School Kids, Parents Should Get Flu Vaccines First
THURSDAY Aug. 20, 2009 -- The best way to stop the spread of flu, be it the seasonal flu or swine flu, is to vaccinate those most likely to spread the virus, namely school children and their parents, new research suggests.
These recommendations run counter to those of the U.S. Centers for Disease Control and Prevention, which call for targeting those most likely to develop complications from flu or die, say scientists at Clemson University and Yale University School of Medicine.
"If there is a moderate amount of vaccine available, the ideal thing to do is vaccinate schoolchildren and people their parent's age," said lead researcher Jan Medlock, an assistant professor in the department of mathematical sciences at Clemson. "This would then indirectly protect the rest of the population.
"Stopping the transmission in schools would then keep the kids from bringing it home to their parents, and keep their parents from giving it to co-workers, grandparents, whatever," he added.
The big difference between these recommendations and those from the CDC is that Medlock does not target children under 5. "Because they are not in school, they are not actively spreading the disease, so vaccines aren't being as well used as they could be used in another age group," he said.
In addition, unlike the CDC's recommendations, Medlock's do not include people over 50. "They can be better protected by stopping the transmission among school kids," he said.
The report is published in the Aug. 20 online edition of Science.
For the study, Medlock and Alison P. Galvani, an associate professor of epidemiology at Yale, created a mathematical model of how flu is transmitted that pinpoints the best strategy for distributing vaccines among age groups that would minimize the spread of the virus.
They based their model on data from past flu pandemics, taking into account deaths, infections, total years of life lost and economic costs. By comparing a theoretical outbreak today with the flu epidemics in 1918 and 1957, they argue that a flu epidemic in the United States could be stopped with about 63 million doses of vaccine.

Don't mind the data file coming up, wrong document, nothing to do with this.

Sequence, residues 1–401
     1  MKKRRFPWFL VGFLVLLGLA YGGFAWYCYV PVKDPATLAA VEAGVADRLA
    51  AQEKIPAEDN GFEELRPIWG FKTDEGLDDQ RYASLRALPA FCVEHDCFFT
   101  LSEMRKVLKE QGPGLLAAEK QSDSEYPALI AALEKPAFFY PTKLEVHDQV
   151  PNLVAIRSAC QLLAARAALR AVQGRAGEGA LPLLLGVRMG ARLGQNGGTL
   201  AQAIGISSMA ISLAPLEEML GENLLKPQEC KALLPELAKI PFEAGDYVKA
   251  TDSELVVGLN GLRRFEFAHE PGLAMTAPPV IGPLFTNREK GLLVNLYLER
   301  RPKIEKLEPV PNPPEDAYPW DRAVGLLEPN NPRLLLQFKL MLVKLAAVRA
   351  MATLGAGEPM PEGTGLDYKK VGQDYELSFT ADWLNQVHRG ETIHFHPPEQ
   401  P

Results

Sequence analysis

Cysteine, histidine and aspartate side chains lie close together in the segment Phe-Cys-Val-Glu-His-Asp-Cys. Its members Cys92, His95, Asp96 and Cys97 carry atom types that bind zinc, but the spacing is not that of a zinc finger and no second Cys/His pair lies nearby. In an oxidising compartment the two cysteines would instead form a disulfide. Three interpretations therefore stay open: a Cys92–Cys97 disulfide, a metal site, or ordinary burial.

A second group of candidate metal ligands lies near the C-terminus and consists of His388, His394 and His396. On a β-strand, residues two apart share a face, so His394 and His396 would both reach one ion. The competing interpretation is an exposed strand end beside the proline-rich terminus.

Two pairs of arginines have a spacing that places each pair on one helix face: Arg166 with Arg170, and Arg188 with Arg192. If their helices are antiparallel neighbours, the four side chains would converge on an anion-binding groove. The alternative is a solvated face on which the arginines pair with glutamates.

This assumes that vaccines target children (aged 5 to 19), who are most responsible for spreading flu, and adults (aged 30 to 39), who get flu from their children. This strategy would help protect the remainder of the population from infection, Medlock and Galvani say.
Moreover, the 63 million vaccine doses in the model are less than the 85 million doses given each year in the United States for seasonal flu, they noted.
For seasonal flu, the CDC recommends that children aged 6 months to 19 get vaccinated as well as pregnant women, people 50 and older, people with certain chronic medical conditions, people living in nursing homes and other long-term care facilities, and people who live with or care for those at high risk for complications from flu.
Right now, the CDC is considering recommendations for whom should be vaccinated against the new H1N1 flu strain. Recommendations from the CDC's expert panel suggest targeting pregnant women, children 6 months and older and health-care workers first.
Dr. Marc Siegel, an associate professor of medicine at New York University Langone Medical Center in New York City, doesn't think that using historical data is a good method for predicting flu, but believes the researchers drew the right conclusions about vaccine use nevertheless.
"Their point is that children are super-spreaders, and adults are secondary spreaders, and I really agree with that," Siegel said. "I think their point about targeting spreaders and super-spreaders is right."
This use of vaccine builds what is called herd immunity, Siegel explained. "The best way to protect people that are most vulnerable is to vaccinate the spreaders," he said.
Another expert, Dr. Pascal James Imperato, distinguished service professor and chair of the department of preventive medicine and community health and director of the master of public health program at the State University of New York Downstate Medical Center in New York City, says the researchers correctly conclude that schoolchildren are often responsible for the transmission of influenza.
But they also conclude that the parents of infected children serve as bridges to spread the disease to others, Imperato said. "This latter conclusion only holds true if the parents are not already immune to the viral strain, either through vaccination or natural infection," he said.
There are frequent changes in the influenza strains that predominate in any given year, Imperato said. "Age-specific increased or decreased susceptibility to a given strain of influenza virus very much depends on the previous epidemiologic history of the strain," he noted.
"Annual age group-specific recommendations concerning vaccination against influenza need to be made on the basis of the history of the predominant strains of virus circulating," Imperato said. "As a result, these recommendations may vary from year to year and cannot be based on a statistical outcomes model that does not incorporate this and other very significant variables."
For more information on flu, visit the U.S. Centers for Disease Control and Prevention.
Posted: August 2009
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